Disaster Response: India’s Kerala Leads the Way

The Fisher community of the state, civil volunteers along with the well-coordinated state machinery pulled off a disaster response and rescue operation unparalleled in the history of the country, says a report by Tricontinental: Institute for Social Research

October 17, 2018 by Pavan Kulkarni
Kerala floods rescue operations
Rescue operations at North Paravur, Ernakulam district, Kerala. (Photo: Arun Raj/Deshabhimani)

The rescue and relief work undertaken by the Communist-led government in the flood-ravaged southern Indian state of Kerala has been hailed as a “shining example” by disaster management experts in the country. The Fisher community of the state, civil volunteers along with the well-coordinated state machinery pulled off a disaster response and rescue operation unparalleled in the history of the country, notes a report by international research organization, Tricontinental: Institute for Social Research.

In the month of August, Kerala witnessed a massive disater; whole state was inundcated with water. Witnessing its worst monsoon rains in almost a century, the amount of rainfall in the state between June 1 and August 21 was 41% higher than normal. Disaster struck when in the first 20 days of August, 164% higher than normal rainfall poured in the state, triggering flood and landslides on a scale not experienced since 1924. In the worst affected district of Idukki, the rainfall in this period was over 400% in excess.           

With a population density over twice that of the national average, Kerala has a population of 35 million, over 15% of which was affected by the deluge. The death toll, however, was contained to less than 500 due to swift and well-coordinated action.

The role played by various mass organisations cultivated over decades by the Communist Party of India (Marxist) was crucial in helping the state respond to the worst natural disaster effectively, despite the hostility of the central government led by the far-right Bharatiya Janata Party (BJP), which left no stone unturned to deprive the state of the necessary funds. The efforts of fishermen, women’s collective, student wings and youth organisations associated with the CPI(M), which worked alongside the state machinery to overcome these odds.

While holding back the much needed funds, the central government also refused monetary assistance offered by foreign countries. Further, members of the BJP and its parent organisation Rashtriya Swayamsevak Sangh (RSS) – which is also incidentally the largest paramilitary organisation in the sub-continent known for its involvement in sectarian violence – also indulged in a misinformation campaign against the state to discourage donations to the Chief Minister’s disaster relief fund.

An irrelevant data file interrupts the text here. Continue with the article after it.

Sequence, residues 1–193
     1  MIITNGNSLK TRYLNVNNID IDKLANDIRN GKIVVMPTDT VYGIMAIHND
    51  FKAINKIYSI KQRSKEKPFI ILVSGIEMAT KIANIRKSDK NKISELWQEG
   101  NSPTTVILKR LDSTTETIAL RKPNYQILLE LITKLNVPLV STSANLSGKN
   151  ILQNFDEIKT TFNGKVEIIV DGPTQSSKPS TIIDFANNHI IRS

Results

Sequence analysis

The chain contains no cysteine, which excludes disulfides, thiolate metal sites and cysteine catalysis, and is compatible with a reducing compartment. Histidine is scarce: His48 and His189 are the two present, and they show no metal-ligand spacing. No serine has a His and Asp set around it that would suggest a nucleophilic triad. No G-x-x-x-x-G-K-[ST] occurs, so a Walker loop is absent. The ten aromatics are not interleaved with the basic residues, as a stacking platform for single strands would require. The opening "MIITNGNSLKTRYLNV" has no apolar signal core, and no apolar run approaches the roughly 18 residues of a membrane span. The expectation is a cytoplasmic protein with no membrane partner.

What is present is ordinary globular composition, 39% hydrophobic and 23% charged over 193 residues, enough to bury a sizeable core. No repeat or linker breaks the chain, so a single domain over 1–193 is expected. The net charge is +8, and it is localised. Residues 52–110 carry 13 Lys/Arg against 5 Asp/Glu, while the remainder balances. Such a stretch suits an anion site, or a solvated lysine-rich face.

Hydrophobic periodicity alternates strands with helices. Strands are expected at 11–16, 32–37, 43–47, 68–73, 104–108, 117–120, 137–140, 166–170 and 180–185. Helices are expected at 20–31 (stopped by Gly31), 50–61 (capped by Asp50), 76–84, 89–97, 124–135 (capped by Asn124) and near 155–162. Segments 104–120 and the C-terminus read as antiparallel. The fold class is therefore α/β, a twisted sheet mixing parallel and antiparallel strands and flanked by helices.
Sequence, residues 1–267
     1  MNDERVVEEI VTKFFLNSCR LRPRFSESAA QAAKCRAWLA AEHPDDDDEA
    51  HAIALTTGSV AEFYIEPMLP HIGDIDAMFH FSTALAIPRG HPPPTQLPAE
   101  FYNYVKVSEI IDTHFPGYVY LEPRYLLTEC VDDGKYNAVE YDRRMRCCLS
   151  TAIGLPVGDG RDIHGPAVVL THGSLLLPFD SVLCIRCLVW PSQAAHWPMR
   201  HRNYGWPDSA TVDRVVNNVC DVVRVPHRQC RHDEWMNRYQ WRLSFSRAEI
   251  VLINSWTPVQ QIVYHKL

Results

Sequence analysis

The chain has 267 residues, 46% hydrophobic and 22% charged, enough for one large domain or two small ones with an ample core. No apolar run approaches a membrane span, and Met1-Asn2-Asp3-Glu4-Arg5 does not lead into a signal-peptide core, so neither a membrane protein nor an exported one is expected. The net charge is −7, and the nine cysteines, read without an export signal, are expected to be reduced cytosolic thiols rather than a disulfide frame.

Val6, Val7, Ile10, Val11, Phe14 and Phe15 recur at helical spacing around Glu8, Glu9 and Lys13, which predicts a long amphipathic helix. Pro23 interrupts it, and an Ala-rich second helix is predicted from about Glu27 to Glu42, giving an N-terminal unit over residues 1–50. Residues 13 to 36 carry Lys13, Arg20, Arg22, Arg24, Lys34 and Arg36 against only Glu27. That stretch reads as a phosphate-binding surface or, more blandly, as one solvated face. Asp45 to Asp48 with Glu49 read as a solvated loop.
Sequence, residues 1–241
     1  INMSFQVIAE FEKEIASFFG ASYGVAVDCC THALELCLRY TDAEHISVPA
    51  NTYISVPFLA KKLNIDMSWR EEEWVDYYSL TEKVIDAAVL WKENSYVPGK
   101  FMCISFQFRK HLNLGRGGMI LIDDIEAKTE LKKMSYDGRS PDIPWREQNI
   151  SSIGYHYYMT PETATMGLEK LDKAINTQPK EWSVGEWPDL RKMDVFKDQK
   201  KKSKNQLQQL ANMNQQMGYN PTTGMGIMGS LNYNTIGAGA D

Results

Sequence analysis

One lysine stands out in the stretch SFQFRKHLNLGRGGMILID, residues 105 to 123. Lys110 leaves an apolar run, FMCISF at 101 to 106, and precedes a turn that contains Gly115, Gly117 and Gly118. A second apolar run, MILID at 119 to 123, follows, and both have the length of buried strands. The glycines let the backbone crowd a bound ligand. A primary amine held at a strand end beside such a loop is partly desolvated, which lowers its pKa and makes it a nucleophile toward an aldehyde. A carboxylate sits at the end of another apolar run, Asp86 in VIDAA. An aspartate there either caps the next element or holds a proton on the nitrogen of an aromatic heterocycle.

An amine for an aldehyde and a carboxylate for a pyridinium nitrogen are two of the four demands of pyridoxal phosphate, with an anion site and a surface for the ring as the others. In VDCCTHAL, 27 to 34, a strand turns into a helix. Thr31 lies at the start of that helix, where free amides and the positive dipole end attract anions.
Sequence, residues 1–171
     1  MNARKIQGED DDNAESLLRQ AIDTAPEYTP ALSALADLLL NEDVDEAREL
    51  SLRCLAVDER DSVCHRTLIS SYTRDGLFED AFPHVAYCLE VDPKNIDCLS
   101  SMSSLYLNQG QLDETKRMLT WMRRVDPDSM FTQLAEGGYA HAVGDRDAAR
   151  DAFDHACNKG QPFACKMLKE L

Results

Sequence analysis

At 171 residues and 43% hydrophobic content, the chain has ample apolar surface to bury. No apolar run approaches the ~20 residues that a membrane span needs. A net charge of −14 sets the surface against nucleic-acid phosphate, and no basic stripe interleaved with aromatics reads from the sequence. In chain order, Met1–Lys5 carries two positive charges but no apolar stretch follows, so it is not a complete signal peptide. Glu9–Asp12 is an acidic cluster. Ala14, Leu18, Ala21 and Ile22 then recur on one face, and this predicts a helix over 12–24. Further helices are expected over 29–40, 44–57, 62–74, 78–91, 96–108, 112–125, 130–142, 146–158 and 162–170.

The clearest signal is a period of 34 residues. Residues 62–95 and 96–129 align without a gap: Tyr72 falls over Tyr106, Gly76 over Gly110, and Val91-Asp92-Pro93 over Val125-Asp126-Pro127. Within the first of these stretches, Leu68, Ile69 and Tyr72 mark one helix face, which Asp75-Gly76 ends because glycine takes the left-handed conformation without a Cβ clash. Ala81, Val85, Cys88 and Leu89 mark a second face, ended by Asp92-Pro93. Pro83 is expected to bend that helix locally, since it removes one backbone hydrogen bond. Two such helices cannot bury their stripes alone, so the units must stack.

Situated on the southernmost edge of India’s west coast, between the Arabian sea and the Western ghats range, Kerala, a state with a landmass of 39,000 square kilometres, on average receives annual rainfall four times that of the entire United States of America, whose landmass is over 240 times that of Kerala.  

Kerala floods map
The coastal regions of south-central Kerala before (6 February) and after (22 August) the flood. Images by Landsat 8 (NASA/USGS) and Sentinel-2 (European Space Agency) satellites
(Photo: Wikimedia Commons)

Taking note of the Indian Meteorological Department’s prediction for the monsoon, the state government had begun its preparations as early as July – alerting residents about the water-levels in dams, clearing blockages downstream, and evacuating villagers residing in areas that were certain to be submerged, should the waters be released from dams. The entire state government was mobilised, with responsibilities assigned to top civil servants, ministers and local governments.

Fishermen stepped in, while Central Government Happily Let the State drown

However, when the downpour intensified well above the predictions starting from August 8, the efforts of 40,000 police officers and 3,200 firefighters leading the rescue operations proved insufficient to save all lives in danger. This is when the state looked to the central government for help, requesting 5,000 soldiers, 100 helicopters and 650 motor boats. By August 18, when the rescue operations were at its peak, the central government had allotted only 400 soldiers, 20 helicopters and 650 motorboats.

Filling this void were Kerala’s fishermen who – mobilised by trade unions and the Fisheries’ department – set sail into flood waters with over 4,500 boats, mostly non-motorised, and rescued over 70,000 lives in danger. The repair of their boats battered in the rescue operations were undertaken by the state government. On August 29, when the situation was under control, it also held a function to express gratitude for the fisherfolk who risked their lives and boats on dangerous waters in order to save lives.      

Thousands of Keralites, including those residing outside the state in different parts of the world, collected information about the GPS coordinates of people stranded using internet and cellular networks, and updated the control rooms where youngsters – mobilised by the Students’ Federation of India (SFI), Democratic Youth Federation of India (DYFI) and other CPI (M) affiliated organisations – were volunteering in massive numbers to make the information available to state forces and fishermen carrying out the rescue operations on the ground. Using crowd-sourcing, multiple organisations augmented the database on the state government’s website- keralarescue.in.

The maximum number of houses were inundated in the Kuttanad region, which lies below the sea-level as the land was reclaimed from lakes over a span of several centuries. In three days, around 250,000 people were evacuated from this region. By August 21, 1.45 million people rescued or evacuated from different regions were sheltered in 3,300 relief camps set up across the state.